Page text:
Notes and Editorial Reviews
My first thought upon hearing this Ariadne in English was, "Why isn't the Prologue always done in the vernacular?" Perhaps it was the presence of the miraculous Stephen Fry as the Major-Domo: Speaking as if he were picking up the words between his thumb and index finger, his appalling gravity is by itself enough to make the Composer weep. Being able to hear each intricate request and snipe, every bit of rapturous sincerity from the Composer, really makes this Prologue come to life. The Opera itself is equally well-treated in Christopher Cowell's translation, with even much of Zerbinetta's aria--taken quite quickly--understandable.
Perhaps it might be more awkward with a less sophisticated cast, but the combination
of Americans, Canadians, Brits, and Australians, all singing in their native tongue, is comfortable and natural, even if our Bacchus is the only singer who sounds particularly lower-48. (This is not a criticism; at least he doesn't try to "Brit" it up.) Alice Coote's Composer--passionate, angry, romantic--with lines delivered rapidly, is superb; only Tatiana Troyanos makes the rushing to and fro, the desperation, more vivid on disc. Alan Opie's Music Master, sounding oddly like Thomas Allen, is sharply characterized; John Graham-Hall's Dancing Master is properly fussy and witty.
Christine Brewer's Prima Donna/Ariadne is towering. More fiery than Jessye Norman, less silvery than Gundula Janowitz, she still has absolute dignity, and I cannot recall hearing this role so easily sung. Top notes ring out with utter confidence and low notes are merely a lower extension--no register breaks, no surprises. Her attention to the text is sensitive; her opera seria attitude in her opening, low-lying monolog is delivered with just the right deadly seriousness, and "There is a land" soars exquisitely. Her soft singing in the final duet is stunning and her grander utterances gleam.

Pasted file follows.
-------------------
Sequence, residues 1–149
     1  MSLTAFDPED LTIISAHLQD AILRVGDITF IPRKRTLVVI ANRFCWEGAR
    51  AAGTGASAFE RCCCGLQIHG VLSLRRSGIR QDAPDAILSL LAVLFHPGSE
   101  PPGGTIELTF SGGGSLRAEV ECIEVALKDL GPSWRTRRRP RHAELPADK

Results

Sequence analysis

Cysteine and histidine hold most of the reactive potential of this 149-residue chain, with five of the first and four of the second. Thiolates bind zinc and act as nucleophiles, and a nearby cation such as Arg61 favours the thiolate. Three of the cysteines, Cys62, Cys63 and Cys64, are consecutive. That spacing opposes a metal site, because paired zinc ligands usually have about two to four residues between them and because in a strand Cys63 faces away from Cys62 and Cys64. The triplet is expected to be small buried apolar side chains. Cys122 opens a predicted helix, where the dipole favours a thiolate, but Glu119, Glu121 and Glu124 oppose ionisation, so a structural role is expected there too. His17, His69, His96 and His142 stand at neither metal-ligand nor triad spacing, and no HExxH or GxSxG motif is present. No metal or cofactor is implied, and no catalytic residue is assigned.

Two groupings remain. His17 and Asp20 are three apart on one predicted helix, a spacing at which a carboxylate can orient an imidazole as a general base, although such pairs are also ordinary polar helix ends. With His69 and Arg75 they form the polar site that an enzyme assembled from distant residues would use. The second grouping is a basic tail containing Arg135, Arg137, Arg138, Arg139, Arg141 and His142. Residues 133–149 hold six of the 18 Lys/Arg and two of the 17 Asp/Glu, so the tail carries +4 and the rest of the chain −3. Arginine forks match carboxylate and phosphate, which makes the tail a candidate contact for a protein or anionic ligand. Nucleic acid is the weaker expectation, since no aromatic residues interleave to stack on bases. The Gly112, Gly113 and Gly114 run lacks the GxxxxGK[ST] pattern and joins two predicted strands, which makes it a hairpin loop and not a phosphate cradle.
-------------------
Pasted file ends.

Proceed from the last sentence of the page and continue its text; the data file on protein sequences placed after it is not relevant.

Robert Dean Smith may lack the "ping" that one longs for as Bacchus, but he's fearless, untiring, always steady, always in tune and honest with dynamic shadings. Roderick Williams (Harlequin), Matthew Rose (Truffaldino), John Graham-Hall (Scaramuccio), and Wynne Evans (Brighella) are a superb quartet, their ensemble singing impeccable, and each manages to create a profile.
Gillian Keith's Zerbinetta is lovely and flirtatious in the Prologue, but some listeners might be a bit put off by her "Your gracious Royal Highness". The voice has a sharp edge to it in the stratosphere, but I was won over by her amazing accuracy and agility (only the start of one high note goes momentarily astray at the very end of the aria), and her flawlessly-placed trills are in the early-Dessay class. She doesn't sing with as much "face" as the French soprano (who does?), but it is still a terrific performance, particularly at such a tempo. And frankly, the "sharp edge" may be due to the somewhat over-bright recording that makes the other women occasionally sound harsh as well.
As a bonus, the first CD begins with Strauss' 35-minute orchestral suite from Le Bourgeois Gentilhomme Op. 60, a playful take-off on 18th-century style, with tunes by Jean-Baptiste Lully. It is as handsomely played as the opera, with Richard Armstrong leading it all with confidence, wit, and vigor. As a sui generis performance, this Ariadne can't be recommended highly enough; straight from the shoulder, it would also do as your only Ariadne, correct language notwithstanding. Turn down the treble a bit.
--Robert Levine, ClassicsToday.com
Works on This Recording
Ariadne auf Naxos, Op. 60 by Richard Strauss
Stephen Fry (Voice),
Alice Coote (Mezzo Soprano),
Gillian Keith (Soprano),
Christine Brewer (Soprano),
Robert Dean Smith (Tenor)
Scottish Chamber Orchestra
Written: 1911/1916; Germany
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